Note that I use the words “blog” and “business” interchangeably. My blog makes money, but because of my blog, the businesses I've created also make money. It's difficult to separate everything like that, so just know these numbers are based on entire businesses – with everything coming full circle to the blog.
BLOGGERS!! Would you like to be included in this post or in my upcoming content?
Fill out this form. You can remain anonymous if you'd like.
Cryssi, Caffeinated Minimalist
Cryssi writes a blog about minimalism. She has been blogging for just over a year, and makes approximately $1,100 per month. Spending between 20 and 30 hours on her business, she makes money from her own digital products ($100), and her own physical products ($1,000+).
Advice from Cryssi: Stay consistent and on topic for your blog. Deliver value. What would you like to find on your blog? Create that content!
Debi, Our Wabisabi Life
Debi has a lifestyle blog with delicious healthy recipes that makes nearly $4,000 each month. She's been blogging for 11 years, but taking it seriously for about 8. She works about 15 hours a week on her blog.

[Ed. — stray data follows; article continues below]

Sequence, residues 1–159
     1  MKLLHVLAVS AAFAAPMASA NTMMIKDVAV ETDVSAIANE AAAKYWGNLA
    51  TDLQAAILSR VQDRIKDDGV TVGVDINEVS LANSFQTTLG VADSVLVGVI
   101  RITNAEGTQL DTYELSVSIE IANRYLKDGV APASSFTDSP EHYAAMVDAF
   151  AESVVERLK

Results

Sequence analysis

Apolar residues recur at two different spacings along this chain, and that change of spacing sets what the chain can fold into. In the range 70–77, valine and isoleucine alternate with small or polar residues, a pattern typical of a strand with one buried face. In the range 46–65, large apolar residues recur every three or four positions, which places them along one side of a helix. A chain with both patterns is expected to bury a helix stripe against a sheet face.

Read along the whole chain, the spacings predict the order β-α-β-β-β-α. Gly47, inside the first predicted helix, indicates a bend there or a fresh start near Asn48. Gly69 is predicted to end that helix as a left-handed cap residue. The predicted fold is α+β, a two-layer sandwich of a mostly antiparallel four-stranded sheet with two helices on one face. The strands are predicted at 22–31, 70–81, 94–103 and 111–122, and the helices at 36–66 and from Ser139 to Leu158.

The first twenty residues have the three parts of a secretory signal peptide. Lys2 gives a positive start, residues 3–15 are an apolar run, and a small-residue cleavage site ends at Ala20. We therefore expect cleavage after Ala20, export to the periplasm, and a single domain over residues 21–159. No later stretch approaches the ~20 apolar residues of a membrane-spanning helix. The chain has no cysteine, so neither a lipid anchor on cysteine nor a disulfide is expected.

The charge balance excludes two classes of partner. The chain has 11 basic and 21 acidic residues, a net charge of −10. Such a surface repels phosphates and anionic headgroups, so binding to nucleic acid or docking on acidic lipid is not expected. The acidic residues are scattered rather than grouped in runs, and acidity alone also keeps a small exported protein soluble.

Debi's income comes from ad revenue ($3,200), affiliates ($300), and digital products ($50). Her virtual assistant work brings in an additional $3,500 per month.
Advice from Debi: Just write. No matter if you feel like no one sees it, write – and then promote it. If you write it, they will come! Don't get frustrated.
Anna, In the Playroom
Anna runs a UK-based parenting lifestyle blog called In the Playroom. She makes $5,400 per month between her two blogs. Anna has been blogging for 10 years and she works on her blogs 20 hours each week.
Ad revenue ($1,350) and freelancing ($4,050) are how she makes money.
Advice from Anna: Just keep going, you can't always be the best at everything so don't compare with other people – just do you, and be consistent and persistent.
Christina, Shoe Tease
Christina runs a fashion blog for shoe lovers. She makes $10,000 a month, has been blogging off an on for 12 years, and works 25 hours per week on her business.
Ad revenue ($6,000) and affiliates ($4,000) are how her blog is monetized.
Christina's advice: Own your niche. Don't think too much and learn as you go. I learned so much by doing things incorrectly!
If you are enjoying this post, please PIN and share it! Thank you!
Melissa Russo, The Farm Girl Gabs